The concert finally started with Murphy coming out in a shorter black leather jacket with a gray beard and David J with distinctive sunglasses on. A powerful distortion on David’s bass and a recognizable sound of buzz was announced by “Double Dare”. The drummer was rhythmic while the crowd swung enthusiastically, but once the guitar in the background hit well-known sounds Peter Murphy started singing and got interrupted by a slight mistake on the mix-counter! “In the Flat Field” a powerful capacity voice began to intensify and the enjoyment of the concert could actually begin. The excellent rhythm sections and Murphy as the king of stage movements began to move on the stage, like a lizard or even so bat.

I remembered my first Bauhaus video in the 80s from the concert in the club that actually happened in the end of 70s and young Murphy who swang like Tarzan on the string. Although I had very bad copy of it I remember how important watching that felt. Well, he was a master of stage performing as a young man and he is a pretty good performer on stage now, after 40 years.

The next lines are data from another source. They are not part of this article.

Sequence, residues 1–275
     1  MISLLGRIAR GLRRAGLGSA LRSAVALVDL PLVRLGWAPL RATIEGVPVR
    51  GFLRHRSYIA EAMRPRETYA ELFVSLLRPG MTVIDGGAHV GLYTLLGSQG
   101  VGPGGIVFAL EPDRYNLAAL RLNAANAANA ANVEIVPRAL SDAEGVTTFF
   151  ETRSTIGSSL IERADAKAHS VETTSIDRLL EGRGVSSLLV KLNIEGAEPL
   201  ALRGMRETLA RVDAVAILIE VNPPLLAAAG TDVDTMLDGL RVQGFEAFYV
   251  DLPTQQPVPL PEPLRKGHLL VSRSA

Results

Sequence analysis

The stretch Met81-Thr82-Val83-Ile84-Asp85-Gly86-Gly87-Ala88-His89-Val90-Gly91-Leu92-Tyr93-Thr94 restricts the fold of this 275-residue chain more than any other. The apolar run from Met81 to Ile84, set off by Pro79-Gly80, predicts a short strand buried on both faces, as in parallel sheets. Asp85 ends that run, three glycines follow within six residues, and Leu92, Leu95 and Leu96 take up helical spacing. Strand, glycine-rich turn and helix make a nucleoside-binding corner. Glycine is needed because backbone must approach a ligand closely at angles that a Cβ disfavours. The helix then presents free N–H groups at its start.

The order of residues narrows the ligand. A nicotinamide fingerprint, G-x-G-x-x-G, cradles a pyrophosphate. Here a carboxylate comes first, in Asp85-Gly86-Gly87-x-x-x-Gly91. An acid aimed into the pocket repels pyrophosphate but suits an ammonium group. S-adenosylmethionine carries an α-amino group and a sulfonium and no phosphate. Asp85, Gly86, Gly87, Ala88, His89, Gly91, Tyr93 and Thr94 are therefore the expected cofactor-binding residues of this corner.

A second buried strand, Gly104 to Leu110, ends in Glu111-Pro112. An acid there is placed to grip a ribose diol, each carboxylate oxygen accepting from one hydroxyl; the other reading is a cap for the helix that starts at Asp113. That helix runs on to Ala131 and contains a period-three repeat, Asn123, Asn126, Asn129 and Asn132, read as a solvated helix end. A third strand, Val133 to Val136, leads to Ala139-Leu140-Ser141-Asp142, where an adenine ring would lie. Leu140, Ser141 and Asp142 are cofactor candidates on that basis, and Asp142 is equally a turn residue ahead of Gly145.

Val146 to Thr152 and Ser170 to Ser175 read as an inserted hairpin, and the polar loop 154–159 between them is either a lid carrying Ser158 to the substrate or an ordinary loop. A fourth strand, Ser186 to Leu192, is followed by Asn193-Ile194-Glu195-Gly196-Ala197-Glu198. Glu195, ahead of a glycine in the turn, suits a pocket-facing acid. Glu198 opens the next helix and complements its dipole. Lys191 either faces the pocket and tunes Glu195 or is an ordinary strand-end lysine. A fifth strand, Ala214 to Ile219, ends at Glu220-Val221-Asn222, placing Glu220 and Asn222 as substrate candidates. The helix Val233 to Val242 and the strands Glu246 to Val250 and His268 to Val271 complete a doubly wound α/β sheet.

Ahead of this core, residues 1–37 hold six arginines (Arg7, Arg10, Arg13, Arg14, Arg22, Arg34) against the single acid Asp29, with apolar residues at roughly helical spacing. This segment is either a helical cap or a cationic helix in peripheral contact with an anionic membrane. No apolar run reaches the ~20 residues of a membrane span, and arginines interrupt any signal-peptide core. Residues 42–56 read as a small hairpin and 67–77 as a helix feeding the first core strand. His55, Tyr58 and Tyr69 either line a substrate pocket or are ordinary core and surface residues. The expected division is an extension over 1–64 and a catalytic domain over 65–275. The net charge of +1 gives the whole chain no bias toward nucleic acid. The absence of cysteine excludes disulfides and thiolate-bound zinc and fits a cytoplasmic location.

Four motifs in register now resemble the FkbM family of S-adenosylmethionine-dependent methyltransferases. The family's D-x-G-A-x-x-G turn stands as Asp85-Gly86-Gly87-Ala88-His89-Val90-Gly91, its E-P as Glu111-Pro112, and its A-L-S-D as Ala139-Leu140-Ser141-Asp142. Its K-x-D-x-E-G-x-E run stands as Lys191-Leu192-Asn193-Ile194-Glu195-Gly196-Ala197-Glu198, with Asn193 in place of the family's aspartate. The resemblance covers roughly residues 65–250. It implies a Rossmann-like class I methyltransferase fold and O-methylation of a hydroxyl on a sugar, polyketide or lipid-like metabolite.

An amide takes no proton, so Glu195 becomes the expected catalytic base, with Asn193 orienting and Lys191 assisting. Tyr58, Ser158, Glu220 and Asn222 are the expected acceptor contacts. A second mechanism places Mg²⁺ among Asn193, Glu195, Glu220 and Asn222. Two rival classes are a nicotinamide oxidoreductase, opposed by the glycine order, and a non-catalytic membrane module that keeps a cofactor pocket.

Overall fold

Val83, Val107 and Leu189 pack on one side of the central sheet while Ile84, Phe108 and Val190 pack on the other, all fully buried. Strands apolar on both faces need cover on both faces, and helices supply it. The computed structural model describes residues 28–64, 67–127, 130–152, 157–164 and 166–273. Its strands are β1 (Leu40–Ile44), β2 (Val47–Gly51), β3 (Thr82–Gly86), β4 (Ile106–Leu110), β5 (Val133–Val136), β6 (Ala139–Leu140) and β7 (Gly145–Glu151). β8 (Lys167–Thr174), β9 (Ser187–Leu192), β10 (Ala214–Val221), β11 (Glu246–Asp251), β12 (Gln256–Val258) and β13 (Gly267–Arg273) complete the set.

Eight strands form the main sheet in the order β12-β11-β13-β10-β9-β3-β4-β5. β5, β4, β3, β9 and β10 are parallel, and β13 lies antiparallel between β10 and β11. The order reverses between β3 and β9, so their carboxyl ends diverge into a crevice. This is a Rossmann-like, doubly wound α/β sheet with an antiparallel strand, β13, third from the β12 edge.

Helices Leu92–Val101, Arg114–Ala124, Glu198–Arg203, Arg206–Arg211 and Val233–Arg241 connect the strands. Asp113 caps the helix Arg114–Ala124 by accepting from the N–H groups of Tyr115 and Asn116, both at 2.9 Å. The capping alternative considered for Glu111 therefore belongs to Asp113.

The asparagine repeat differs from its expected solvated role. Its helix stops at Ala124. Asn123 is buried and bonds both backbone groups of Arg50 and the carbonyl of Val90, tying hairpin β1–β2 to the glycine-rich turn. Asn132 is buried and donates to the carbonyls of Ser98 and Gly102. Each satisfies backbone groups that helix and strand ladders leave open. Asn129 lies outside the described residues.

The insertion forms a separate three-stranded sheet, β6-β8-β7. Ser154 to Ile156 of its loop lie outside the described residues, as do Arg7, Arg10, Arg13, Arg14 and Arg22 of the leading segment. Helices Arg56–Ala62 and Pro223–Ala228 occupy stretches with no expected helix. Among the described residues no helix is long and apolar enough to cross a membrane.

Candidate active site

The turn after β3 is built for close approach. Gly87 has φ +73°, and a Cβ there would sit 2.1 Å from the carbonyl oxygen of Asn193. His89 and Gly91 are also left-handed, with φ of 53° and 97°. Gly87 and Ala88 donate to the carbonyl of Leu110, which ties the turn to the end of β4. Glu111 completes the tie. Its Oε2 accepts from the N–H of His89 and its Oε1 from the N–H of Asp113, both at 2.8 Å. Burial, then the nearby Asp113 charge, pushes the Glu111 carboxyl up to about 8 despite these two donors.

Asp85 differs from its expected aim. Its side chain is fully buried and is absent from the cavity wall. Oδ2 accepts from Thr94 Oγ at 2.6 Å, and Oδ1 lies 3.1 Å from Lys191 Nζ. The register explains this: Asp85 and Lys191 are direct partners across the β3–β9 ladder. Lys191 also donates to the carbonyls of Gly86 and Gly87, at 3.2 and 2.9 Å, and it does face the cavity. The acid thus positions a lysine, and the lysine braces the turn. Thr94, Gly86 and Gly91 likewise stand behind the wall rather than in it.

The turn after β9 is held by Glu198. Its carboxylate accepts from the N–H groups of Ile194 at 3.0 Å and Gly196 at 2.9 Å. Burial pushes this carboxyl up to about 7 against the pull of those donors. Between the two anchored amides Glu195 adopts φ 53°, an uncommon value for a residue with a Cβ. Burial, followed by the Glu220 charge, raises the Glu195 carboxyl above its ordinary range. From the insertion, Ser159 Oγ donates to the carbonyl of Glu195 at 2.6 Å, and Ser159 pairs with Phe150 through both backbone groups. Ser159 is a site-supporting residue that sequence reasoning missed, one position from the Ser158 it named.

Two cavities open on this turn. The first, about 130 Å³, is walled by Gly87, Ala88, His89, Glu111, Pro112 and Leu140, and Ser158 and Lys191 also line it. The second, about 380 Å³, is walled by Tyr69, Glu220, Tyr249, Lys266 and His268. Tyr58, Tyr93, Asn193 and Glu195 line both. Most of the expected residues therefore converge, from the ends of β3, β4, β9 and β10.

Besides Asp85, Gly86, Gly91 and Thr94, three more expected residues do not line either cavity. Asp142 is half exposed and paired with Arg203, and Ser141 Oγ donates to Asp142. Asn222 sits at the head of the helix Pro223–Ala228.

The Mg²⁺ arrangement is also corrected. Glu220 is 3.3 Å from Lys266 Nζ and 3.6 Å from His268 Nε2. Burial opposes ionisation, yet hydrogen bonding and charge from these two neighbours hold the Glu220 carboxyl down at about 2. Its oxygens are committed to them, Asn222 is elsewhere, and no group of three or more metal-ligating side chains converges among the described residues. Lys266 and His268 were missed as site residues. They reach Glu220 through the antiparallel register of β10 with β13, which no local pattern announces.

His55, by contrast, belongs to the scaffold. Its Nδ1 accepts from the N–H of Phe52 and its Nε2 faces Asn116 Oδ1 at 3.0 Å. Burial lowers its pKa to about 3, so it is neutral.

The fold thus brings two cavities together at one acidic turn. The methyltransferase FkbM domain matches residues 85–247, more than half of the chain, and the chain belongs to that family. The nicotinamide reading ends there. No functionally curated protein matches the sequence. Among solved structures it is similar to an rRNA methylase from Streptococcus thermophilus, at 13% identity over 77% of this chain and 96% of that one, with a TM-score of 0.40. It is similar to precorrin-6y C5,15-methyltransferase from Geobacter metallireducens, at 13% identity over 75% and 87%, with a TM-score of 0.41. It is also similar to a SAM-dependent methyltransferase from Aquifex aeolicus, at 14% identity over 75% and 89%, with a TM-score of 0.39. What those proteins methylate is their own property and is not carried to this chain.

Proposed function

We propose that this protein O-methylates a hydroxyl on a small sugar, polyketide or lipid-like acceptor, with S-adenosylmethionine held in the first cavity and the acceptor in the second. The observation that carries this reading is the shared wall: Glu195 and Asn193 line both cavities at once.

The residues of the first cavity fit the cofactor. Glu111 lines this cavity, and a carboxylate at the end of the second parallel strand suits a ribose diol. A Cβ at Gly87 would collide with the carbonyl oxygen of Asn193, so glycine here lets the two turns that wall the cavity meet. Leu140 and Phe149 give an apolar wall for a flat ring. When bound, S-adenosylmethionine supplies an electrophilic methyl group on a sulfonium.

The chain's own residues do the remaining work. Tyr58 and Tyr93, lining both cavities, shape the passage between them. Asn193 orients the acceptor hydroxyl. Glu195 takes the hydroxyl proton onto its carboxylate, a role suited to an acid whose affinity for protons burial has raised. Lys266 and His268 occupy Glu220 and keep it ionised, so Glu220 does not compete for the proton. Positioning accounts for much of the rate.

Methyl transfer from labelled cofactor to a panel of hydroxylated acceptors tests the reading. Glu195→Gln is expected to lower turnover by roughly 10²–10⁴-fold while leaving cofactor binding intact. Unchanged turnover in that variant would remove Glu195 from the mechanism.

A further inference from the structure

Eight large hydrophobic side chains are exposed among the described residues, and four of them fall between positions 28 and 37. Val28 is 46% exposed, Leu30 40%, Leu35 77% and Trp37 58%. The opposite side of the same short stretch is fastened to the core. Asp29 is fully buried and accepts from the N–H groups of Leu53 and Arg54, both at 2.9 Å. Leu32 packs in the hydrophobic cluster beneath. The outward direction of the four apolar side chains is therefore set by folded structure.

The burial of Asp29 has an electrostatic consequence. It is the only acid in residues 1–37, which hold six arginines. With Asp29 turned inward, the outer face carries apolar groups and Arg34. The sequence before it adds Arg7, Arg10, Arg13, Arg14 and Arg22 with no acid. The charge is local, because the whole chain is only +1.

After “A God In An Alcove”, fast and rhythmic “Dive”, he followed the lighter “Spy In The Cab” in which Murphy showed he still had enviable vocal possibilities. After the multi-vocal “Small Talk Stinks” and psychedelic “St. Vitus Dance ” Murphy performed visually exceptionally attractive” Stigmata Martyr. ” He looked like a marionette of broken tails. “Nerves” gave a new opportunity to show the voice capabilities, and from the leather jacket it became way too hot. After a while longer riff the next song “Burning From The Inside” was followed by a gentle performance “Silent Hedges” and everything was ready for the culmination of the concert. Once we heard sounds that preceded the most famous bass riff “Bela Lugosi’s Dead” the gothic trance began. The audience fell into a trance completely, which continued during the next song “She’s In Parties”. The concert continued with the song “Adrenaline” from the last Bauhaus album, followed by three successes “Kick In The Eye” and “The Passion Of Lovers” that brought the audience back into the state of general ecstasy. The official part of the Murphy concert ended with the song “Dark Entries”. But we wanted more. The second coming out consisted of the two most famous Bauhaus covers “Telegram Sam” and “Ziggy Stardust”, which Murphy again proved that he was the dark side of Ziggy Stardust.